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Utility, Publicity, and LawEssays on Bentham's Moral and Legal Philosophy$
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Gerald J. Postema

Print publication date: 2019

Print ISBN-13: 9780198793175

Published to Oxford Scholarship Online: September 2019

DOI: 10.1093/oso/9780198793175.001.0001

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PRINTED FROM OXFORD SCHOLARSHIP ONLINE (oxford.universitypressscholarship.com). (c) Copyright Oxford University Press, 2021. All Rights Reserved. An individual user may print out a PDF of a single chapter of a monograph in OSO for personal use. date: 24 July 2021

Human Psychology, Individual and Social

Human Psychology, Individual and Social

Chapter:
(p.26) 2 Human Psychology, Individual and Social
Source:
Utility, Publicity, and Law
Author(s):

Gerald J. Postema

Publisher:
Oxford University Press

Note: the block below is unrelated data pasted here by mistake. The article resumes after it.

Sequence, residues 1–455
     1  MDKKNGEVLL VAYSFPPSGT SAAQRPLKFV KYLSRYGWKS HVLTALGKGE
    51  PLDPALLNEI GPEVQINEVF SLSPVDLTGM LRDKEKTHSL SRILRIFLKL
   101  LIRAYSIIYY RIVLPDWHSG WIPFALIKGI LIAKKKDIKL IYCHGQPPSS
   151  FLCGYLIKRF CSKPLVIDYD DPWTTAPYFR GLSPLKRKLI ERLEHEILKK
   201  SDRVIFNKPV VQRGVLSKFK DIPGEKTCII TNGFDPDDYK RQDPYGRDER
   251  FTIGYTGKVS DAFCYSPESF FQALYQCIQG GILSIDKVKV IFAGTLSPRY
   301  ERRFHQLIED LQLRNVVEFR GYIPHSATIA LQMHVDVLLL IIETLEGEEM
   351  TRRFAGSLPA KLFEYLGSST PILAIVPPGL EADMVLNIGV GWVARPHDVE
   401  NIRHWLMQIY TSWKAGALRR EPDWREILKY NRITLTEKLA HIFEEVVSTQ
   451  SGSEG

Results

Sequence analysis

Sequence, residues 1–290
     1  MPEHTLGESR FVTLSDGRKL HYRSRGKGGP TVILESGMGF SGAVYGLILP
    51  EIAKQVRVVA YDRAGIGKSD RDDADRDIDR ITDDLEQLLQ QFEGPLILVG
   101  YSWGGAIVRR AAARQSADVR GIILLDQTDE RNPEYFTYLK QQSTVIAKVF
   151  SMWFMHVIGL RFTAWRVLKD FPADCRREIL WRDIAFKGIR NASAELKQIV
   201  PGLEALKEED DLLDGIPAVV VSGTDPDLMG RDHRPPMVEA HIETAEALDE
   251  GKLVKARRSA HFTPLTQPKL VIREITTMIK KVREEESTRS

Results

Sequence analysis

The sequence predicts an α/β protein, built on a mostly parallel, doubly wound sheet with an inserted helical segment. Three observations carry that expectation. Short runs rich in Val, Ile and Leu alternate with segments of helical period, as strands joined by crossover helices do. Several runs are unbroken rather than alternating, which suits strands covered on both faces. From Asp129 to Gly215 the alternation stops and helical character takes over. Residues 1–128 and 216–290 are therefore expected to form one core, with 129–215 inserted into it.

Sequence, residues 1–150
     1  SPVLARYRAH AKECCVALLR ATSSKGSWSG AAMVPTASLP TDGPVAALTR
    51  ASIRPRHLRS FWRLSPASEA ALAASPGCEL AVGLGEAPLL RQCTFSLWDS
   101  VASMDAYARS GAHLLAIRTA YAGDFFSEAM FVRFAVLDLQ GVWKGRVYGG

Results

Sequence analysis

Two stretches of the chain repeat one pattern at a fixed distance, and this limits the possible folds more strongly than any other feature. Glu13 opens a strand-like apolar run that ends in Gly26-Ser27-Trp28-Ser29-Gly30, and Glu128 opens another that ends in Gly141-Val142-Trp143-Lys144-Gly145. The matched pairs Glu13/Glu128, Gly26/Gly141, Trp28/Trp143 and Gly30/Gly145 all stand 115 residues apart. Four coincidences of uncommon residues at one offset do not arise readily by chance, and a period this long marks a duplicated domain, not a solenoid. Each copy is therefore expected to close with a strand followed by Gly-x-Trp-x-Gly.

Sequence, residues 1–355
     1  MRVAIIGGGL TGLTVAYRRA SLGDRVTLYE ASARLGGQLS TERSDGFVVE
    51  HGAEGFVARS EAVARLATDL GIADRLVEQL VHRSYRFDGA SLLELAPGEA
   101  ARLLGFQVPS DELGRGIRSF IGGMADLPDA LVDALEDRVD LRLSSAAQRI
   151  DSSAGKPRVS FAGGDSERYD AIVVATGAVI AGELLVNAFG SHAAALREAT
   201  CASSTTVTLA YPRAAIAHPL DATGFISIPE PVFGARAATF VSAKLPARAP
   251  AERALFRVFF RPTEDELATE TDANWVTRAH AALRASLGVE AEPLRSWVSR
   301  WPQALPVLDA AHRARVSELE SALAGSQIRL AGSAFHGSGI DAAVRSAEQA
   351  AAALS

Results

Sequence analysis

DOI:10.1093/oso/9780198793175.003.0002

The second main pillar of Bentham’s thought was his “practicable” psychology. On his view, human beings always act from what they take their most dominant interests at the time to be, but these may be disinterested concerns for the well-being of others, even those of humanity in general. It is trivial and misleading to insist that only their own interests motivate human beings, yet this claim, recast into something more meaningful, can be understood to call attention of moral advisors and designers of political institutions alike to the fact that voluntary human action issues from the subjectively recognized interests of human agents. While self-regarding interests are always powerful, Bentham thought it is possible to construct institutions that cultivate socially oriented motives, even extensive benevolence, to counter powerful self-regarding interests. Human affections are rooted in the constitution of human nature, but they are plastic, responding to education and enlightenment.

Keywords:   cultivation of affections, egoism, hedonism, interests, motives, pleasure, sanctions, sympathy, universal benevolence

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